• a) increased frequency of onsite inspections,
  • b) routine proactive, unannounced safety inspections,
  • c) audits and reviews of all standard operating procedures,
  • d) attendance at aviation training sessions put on or provided by air operators,
  • e) observation of air operator activities,
  • f) inspection of equipment or operational activities not previously inspected or approved by Transport Canada.

11. To facilitate the new enhanced safety inspection regime, develop regulations, policies, or guidelines to require air operators to provide notice to Transport Canada when an air operator:

  • a) has amended its standard operating procedures,
  • b) has scheduled aviation training sessions,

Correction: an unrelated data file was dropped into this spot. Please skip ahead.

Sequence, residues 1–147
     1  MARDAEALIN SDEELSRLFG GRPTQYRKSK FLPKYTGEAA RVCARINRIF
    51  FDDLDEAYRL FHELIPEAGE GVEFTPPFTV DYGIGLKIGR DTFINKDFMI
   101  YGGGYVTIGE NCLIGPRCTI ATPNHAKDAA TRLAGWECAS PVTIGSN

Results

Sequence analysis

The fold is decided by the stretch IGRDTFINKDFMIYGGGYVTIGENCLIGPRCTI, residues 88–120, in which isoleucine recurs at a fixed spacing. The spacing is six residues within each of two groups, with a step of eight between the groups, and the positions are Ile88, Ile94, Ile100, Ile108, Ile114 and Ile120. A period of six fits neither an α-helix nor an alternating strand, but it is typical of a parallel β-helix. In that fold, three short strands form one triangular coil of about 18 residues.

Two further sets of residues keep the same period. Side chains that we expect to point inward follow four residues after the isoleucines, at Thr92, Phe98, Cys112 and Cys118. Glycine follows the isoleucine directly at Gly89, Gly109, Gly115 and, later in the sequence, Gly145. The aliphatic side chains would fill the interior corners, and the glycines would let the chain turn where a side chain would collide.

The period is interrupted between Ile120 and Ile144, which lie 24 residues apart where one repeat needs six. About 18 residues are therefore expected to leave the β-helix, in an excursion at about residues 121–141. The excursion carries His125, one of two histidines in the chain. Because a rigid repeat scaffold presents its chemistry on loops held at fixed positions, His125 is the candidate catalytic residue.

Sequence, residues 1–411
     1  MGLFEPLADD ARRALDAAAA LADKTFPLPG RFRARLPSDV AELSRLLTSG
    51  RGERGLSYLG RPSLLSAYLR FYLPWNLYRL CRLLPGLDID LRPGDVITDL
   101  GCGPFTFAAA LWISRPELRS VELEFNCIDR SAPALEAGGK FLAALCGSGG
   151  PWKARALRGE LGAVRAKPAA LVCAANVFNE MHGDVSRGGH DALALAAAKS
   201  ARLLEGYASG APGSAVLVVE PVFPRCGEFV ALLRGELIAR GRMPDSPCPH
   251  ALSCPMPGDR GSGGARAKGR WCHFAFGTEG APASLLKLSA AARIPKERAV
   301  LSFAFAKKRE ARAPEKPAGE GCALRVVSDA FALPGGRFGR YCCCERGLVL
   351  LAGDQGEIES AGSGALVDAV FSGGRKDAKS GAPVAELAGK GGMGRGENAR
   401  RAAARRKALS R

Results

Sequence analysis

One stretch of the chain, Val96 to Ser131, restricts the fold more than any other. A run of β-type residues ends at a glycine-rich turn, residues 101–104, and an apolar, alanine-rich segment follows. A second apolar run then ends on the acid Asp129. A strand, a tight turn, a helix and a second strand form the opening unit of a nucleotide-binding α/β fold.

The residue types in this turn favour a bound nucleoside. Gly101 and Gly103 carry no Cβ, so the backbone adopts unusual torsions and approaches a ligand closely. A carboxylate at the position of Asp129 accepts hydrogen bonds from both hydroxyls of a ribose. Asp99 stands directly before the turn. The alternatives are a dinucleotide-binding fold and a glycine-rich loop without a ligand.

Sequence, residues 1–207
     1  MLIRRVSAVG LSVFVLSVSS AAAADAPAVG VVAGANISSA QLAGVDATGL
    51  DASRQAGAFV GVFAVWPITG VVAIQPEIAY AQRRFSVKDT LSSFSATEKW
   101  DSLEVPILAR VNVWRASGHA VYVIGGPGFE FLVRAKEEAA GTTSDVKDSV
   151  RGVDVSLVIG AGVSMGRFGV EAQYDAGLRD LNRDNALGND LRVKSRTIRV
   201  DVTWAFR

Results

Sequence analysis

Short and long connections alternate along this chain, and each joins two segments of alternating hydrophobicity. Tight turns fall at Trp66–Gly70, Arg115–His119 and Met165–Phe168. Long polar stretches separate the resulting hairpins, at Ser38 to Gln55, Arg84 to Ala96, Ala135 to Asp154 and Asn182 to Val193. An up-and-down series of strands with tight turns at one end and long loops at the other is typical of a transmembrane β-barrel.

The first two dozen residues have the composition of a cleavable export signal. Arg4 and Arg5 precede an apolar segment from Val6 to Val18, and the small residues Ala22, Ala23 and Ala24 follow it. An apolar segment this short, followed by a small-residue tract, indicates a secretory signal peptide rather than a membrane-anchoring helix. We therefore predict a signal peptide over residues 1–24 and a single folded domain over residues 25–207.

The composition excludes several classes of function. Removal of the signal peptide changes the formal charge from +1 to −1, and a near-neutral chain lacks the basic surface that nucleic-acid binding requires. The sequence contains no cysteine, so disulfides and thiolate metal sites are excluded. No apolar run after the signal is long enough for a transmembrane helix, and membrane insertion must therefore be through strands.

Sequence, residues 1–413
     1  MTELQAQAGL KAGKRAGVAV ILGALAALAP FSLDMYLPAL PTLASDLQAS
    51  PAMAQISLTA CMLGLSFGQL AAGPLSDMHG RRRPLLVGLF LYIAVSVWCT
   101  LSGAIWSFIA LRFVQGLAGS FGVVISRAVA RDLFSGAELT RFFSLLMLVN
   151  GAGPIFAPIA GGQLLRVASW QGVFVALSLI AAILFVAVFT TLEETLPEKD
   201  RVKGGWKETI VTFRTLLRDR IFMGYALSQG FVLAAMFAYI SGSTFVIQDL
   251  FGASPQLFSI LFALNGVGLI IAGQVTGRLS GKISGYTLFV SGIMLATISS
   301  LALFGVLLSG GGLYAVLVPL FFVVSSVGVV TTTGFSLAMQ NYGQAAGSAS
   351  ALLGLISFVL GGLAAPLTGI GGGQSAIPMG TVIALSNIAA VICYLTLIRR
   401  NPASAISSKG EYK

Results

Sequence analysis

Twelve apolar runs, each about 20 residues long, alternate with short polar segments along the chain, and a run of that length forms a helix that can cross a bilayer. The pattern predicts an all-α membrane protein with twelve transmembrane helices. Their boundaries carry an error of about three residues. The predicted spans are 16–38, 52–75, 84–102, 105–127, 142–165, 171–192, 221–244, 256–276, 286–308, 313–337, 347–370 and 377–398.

• c) has scheduled new or novel aviation operational activities not previously inspected or approved by Transport Canada,
  • d) has acquired equipment not previously inspected or approved by Transport Canada.

12. Amend the CARs to require Standard Operating Procedures for all flight operations where an approval has been issued to carry an external load pursuant to section 702.45.

13. Review all of Hydro One’s current helicopter operations and any new operations not previously undertaken, inspected, or approved, for which an approval is required pursuant to the CARs and is not in place, to determine if such operations might require Transport Canada approval.

The jury further recommended to Hydro One:

14. If Hydro One introduces the practice of aerial transfers or mid-span work using helicopters:

  • a) continue the prohibition against attaching tools, materials, or equipment to the outside of helicopters,
  • b) ensure a placard is displayed on the helicopter to confirm the prohibition referred to in (a),